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DIY WordPress Theme Framework Part 1: Defining Your Needs

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This post is part of a series called DIY Theme Framework.
DIY WordPress Framework Part 2: Creating the Theme

One of the best things about my education at the University of Scranton was the recurring lesson we learned about reuse. Reuse is incredibly important in programming for many reasons: easier testing, saving time, the ability to focus on more advanced things, etc. Once I graduated and entered the wonderful world of full-time freelancing, I decided if I was going to keep doing WordPress work, I would need to apply those reuse lessons to my everyday life. Number one on my list was a simple WordPress theme framework.

The first article in this series is going to be a little different from other ones on this site. In this article I want to communicate to you some of the lesson I learned about reuse and defining your needs. I will be providing my framework to you in the next article, but it's a fact that everyone codes differently and what I provide might not suit your needs best!

Some Principles of Reuse to Keep in Mind

Anyone with formal education in Computer Science or Software Engineering can attest to the fact that there are countless theories, libraries, and classes (programming classes, not school classes) dedicated to some very advanced forms of reuse and generic programming. While I think those are overkill for a theme framework, there are some principles I tried to follow when creating mine:

"Testing will ensure your code works before implementing it 5, 10, or 20 times."

  • Design Your Code: I know when talking about WordPress, design usually implies the front-end design, but it's just as important to design the code. Lay out what your functions, classes, and pages will be before you start to code them up.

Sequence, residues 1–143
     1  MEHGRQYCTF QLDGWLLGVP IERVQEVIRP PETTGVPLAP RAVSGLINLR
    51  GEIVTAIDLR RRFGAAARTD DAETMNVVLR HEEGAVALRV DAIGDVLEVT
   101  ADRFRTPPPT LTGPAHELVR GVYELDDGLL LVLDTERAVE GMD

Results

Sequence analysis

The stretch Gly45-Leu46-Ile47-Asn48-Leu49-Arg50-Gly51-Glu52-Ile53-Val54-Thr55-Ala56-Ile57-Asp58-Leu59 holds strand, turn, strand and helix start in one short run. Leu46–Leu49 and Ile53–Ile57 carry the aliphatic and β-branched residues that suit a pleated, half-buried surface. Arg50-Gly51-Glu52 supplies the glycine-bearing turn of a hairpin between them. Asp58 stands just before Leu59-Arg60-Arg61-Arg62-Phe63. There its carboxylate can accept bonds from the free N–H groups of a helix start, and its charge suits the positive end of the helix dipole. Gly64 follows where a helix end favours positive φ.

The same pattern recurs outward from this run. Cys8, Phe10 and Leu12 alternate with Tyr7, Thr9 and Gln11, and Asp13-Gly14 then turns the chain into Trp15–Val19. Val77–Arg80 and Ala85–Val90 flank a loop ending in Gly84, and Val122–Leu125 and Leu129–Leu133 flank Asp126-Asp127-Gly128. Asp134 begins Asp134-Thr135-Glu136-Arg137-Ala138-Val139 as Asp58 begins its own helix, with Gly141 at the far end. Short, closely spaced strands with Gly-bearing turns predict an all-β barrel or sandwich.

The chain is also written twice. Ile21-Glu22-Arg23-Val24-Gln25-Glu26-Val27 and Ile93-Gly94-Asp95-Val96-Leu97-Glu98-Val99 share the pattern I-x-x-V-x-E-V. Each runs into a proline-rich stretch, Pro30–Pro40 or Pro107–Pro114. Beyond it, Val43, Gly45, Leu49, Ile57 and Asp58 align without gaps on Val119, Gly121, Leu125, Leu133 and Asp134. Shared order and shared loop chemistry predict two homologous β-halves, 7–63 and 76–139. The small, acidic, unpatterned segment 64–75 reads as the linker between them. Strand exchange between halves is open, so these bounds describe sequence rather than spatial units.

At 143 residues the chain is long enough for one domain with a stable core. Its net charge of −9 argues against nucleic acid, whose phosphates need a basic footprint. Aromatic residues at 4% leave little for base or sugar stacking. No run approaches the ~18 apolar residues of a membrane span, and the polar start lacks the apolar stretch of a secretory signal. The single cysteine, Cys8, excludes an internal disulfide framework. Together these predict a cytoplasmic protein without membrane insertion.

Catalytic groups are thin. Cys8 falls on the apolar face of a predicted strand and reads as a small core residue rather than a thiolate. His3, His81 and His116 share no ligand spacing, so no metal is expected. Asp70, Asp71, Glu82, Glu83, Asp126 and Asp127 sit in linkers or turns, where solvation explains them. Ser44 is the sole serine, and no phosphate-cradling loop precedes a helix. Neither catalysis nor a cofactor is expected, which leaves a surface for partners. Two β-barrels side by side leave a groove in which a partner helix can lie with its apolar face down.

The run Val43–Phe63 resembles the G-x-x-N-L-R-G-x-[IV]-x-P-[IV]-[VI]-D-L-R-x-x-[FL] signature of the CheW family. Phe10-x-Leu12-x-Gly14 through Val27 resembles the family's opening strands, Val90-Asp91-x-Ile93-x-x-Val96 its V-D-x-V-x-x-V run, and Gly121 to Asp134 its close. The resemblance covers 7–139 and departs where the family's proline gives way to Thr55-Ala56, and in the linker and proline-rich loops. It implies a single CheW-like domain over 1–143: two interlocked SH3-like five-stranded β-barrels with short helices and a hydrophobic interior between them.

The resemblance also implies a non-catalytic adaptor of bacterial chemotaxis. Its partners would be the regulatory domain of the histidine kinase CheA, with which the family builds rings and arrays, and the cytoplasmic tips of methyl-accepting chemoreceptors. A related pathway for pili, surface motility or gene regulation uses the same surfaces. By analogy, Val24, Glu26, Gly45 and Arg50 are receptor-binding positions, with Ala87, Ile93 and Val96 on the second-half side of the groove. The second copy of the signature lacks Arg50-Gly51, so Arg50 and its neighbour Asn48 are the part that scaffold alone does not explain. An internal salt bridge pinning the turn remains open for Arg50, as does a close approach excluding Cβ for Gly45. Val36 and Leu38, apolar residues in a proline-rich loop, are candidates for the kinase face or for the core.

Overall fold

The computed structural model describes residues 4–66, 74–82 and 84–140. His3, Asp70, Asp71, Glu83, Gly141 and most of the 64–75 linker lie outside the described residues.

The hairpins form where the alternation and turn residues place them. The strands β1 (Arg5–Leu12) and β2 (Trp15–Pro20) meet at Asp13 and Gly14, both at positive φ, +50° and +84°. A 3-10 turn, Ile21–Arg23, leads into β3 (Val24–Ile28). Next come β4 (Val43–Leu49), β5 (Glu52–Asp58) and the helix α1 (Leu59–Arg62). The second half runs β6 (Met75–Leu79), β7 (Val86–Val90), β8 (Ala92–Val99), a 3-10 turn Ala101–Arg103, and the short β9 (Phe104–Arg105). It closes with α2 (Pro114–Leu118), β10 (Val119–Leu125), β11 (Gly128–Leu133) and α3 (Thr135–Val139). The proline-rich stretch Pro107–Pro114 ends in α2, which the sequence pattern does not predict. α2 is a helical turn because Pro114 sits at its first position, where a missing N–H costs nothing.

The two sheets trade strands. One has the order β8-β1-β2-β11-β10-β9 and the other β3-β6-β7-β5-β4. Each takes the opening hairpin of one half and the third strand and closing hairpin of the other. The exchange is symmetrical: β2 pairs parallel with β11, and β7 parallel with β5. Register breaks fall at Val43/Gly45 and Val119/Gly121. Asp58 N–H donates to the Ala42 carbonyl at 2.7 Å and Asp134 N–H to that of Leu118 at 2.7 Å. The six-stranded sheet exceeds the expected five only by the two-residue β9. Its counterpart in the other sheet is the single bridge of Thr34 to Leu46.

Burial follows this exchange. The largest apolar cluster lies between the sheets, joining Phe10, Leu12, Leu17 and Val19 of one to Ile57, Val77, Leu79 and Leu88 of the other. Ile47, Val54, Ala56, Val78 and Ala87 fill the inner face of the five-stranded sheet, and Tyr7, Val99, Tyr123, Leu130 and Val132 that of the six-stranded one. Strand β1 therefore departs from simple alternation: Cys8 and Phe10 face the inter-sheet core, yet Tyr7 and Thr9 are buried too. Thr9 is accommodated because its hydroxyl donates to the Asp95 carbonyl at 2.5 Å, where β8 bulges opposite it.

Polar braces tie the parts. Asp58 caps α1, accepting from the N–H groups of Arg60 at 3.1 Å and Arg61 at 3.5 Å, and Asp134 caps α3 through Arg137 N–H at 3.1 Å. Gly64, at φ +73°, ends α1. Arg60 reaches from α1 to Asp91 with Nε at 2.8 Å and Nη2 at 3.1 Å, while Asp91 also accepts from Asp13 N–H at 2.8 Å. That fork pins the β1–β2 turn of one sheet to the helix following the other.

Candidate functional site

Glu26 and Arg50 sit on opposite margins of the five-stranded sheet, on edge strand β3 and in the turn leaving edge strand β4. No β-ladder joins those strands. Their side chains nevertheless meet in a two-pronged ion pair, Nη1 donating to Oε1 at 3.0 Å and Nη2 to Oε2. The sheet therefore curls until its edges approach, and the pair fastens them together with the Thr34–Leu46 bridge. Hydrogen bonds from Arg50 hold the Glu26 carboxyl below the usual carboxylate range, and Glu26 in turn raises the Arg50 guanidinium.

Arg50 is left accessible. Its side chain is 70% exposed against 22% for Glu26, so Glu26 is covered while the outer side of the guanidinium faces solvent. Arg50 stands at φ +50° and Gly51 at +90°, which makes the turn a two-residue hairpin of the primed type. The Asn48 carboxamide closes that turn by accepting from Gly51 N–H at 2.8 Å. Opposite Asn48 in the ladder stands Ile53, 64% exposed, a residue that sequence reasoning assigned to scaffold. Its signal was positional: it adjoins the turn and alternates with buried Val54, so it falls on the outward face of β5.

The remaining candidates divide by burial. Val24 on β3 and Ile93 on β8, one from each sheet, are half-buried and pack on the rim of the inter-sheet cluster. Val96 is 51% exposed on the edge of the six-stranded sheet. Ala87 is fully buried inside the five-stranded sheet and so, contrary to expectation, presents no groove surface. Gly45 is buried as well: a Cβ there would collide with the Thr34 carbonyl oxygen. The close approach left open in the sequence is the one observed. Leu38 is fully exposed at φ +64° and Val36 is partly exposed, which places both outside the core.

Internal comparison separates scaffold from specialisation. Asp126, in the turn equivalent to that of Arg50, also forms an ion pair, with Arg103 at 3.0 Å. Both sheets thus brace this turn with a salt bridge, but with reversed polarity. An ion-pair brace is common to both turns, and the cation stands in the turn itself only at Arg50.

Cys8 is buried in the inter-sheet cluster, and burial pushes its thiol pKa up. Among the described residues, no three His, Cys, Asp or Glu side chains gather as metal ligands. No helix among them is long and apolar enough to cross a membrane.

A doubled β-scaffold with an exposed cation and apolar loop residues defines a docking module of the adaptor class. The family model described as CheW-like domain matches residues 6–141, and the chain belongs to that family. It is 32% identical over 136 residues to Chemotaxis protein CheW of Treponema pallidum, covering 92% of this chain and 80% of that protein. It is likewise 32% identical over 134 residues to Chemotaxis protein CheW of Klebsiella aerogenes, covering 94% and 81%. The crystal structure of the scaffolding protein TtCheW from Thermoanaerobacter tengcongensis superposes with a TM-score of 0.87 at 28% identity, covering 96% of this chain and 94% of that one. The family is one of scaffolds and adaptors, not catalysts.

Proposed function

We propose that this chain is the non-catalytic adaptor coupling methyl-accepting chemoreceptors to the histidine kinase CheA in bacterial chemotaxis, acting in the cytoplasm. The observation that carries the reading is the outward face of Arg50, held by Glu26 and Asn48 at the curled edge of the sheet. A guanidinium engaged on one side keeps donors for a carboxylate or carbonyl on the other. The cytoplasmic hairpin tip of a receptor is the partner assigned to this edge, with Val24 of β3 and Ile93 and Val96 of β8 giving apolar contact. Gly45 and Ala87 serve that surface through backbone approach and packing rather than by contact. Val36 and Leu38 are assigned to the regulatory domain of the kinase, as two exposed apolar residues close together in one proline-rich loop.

• Generalize When Possible: Possibly the most important principle is to recognize when you're reusing code snippets and to generalize them into functions. This will make managing and updating your code much, much easier.
  • Document and Test Thoroughly: This is something you should do with all code, but especially code you plan on reusing frequently. Documenting will help you remember what you were thinking 6 months or a year down the line. Testing will ensure your code works before implementing it 5, 10, or 20 times.

Define Your Needs

Now that we've laid out some things to keep in mind, we need to define what we want our framework to accomplish. Remember each of us has our own needs, and while I'm going to talk about mine, yours may be different. My needs were fairly simple at first: I wanted a simple framework that did my initial work for me.

While creating WordPress themes for my clients, I noticed my process was the same: copy K2 (the default theme at the time), remove the stuff I didn't want to use, replace it with my code. A lot of my code was similar: the same CSS reset, the same CSS structure, the same style header, navigation, etc. After a while, I found it was easier just to copy my last client's theme and build off of that. It was then that I decided to build my own framework.

"We need to define what we want our framework to accomplish"

With that decided, I needed to define my needs: what was I doing over and over again, and what could I generalize. My list of requirements was as such: